Yomping and swamping, we erupt through some water splashes, modulating the throttle while keeping a lighter grip on the wheel, letting the Cayenne dictate travel to an extent. It finds its way, traversing with barely a grumble even over sections that have front and rear axles twisting in opposite directions.

All in a day’s work for a car like this. In 2006, two private rally teams each entered a Porsche Cayenne S in the Transsyberia Rally from Moscow to Ulaanbaatar in Mongolia – and took first and second place. There followed a limited run of 26 Cayenne S Transsyberia customer cars, and in 2007 the Cayenne scored a one- two-three finish in the Transsyberia, and a total of seven finished in the top ten. A year later, 19 started the Siberia Rally and took all but sixth place in the top ten.

Those Transsyberia editions were fitted with all-terrain tyres, a safety cage, a shorter axle ratio, reinforced front wishbones and underbody guards. The car you see here is a mechanically standard 2005 Cayenne S but was used from new as a technical training vehicle by Porsche Cars GB before being acquired by the UK’s Porsche Classic division. The ‘overland’ treatment tells absolutely no lies: it’s now fitted with genuine Porsche rock rails and wheels, and it’s running off-road tyres.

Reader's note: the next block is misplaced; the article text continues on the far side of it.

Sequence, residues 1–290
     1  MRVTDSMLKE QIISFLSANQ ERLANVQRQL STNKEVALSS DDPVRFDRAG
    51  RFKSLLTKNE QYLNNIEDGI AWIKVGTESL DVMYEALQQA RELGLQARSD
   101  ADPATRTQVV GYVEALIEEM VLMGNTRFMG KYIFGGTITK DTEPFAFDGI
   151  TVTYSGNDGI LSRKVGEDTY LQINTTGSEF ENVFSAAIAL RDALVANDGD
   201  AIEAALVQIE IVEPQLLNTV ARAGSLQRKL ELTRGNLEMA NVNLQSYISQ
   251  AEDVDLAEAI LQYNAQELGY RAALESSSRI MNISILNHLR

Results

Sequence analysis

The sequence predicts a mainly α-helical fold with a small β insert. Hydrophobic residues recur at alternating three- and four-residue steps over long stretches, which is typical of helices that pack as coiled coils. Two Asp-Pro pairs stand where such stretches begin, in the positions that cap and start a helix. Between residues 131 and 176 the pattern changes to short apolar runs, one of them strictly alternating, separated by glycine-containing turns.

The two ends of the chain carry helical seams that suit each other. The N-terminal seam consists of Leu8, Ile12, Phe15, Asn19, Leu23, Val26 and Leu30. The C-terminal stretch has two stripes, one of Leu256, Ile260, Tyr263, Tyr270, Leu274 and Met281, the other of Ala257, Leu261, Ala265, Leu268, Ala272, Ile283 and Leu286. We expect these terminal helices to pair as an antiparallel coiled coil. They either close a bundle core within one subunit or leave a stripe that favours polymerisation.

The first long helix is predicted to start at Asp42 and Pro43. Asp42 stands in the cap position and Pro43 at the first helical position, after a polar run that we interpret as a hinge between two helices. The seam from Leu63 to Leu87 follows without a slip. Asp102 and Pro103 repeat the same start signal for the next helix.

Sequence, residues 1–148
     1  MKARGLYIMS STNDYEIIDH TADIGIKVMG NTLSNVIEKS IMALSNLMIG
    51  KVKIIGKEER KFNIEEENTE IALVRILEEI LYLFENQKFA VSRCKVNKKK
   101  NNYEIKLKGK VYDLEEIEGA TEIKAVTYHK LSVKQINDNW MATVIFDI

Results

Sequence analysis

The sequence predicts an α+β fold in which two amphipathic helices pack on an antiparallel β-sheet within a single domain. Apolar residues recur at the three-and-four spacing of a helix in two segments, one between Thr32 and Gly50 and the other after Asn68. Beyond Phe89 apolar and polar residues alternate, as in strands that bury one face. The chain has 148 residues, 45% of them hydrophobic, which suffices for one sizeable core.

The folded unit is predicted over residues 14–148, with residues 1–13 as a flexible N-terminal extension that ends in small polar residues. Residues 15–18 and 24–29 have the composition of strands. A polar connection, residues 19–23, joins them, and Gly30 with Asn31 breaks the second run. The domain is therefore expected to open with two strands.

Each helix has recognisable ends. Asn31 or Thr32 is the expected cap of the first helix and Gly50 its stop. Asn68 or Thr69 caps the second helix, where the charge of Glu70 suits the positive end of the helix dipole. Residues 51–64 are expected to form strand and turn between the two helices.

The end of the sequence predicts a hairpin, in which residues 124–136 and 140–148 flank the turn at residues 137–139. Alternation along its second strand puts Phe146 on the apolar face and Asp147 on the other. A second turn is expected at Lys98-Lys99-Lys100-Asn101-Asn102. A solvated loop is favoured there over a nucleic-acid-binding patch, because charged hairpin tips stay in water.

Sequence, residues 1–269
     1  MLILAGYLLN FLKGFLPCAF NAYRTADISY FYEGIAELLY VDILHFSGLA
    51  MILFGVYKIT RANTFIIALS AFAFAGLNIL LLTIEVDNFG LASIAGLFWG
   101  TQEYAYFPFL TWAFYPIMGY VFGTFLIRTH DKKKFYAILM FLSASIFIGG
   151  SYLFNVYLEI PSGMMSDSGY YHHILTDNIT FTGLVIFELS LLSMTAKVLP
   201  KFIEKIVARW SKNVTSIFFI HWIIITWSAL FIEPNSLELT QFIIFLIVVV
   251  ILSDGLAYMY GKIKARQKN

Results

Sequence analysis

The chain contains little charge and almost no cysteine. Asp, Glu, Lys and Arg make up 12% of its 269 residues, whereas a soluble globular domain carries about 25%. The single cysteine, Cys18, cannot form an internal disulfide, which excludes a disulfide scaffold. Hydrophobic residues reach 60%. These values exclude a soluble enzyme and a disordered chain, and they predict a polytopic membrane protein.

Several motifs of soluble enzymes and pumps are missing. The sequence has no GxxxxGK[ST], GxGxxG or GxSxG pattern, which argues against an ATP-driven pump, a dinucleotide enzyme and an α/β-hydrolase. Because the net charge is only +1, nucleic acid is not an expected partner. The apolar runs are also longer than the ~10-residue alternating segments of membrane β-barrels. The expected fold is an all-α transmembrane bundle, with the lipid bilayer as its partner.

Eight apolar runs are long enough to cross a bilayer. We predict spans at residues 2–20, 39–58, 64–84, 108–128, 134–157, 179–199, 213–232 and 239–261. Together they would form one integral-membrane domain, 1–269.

Few family-size cars offer such capability at this price. Serviceable early Cayenne V8s are yours from around £5000; even a 450bhp Turbo is comfortably under ten grand. And Porsche Classic offers full parts back-up.

So, we’ve had fun on road and off. Turn around in that comfortable yet supportive driving seat and we notice plentiful space for a trio of rear-bench passengers. There’s a sizable boot, too. Yes, yes, yes, those practical elements are all staples of this kind of big, estate-shaped four- wheel-drive car. But the fun bit isn’t, not always, and it certainly wasn’t two decades ago. That comes from putting the ‘S’ into SUV. I mean, it’s a Porsche so you might imagine you could nail it round a track, too. Well, almost. And why not? In fact, evo magazine actually did, back when the Cayenne was new. Not only did it match the BMW M3’s Bedford Autodrome lap time, but it did so in a suitably sideways fashion.

2005 Porsche Cayenne S specifications

Porsche Cayenne S engine

Engine 4511cc V8, DOHC per bank, 32-valve, variable cam timing, electronic fuel injection and engine management
Power 335bhp @ 6000rpm
Torque 310lb ft @ 2500-5500rpm
Transmission Six-speed ‘Tiptronic S’ automatic, four-wheel drive
Steering Rack and pinion, power-assisted
Suspension Double wishbones (front), multi-link (rear), height-adjustable air spring/damper units with electronically controlled damping
Brakes Vented discs
Weight 2245kg
Top speed 150mph
0-62mph 6.9sec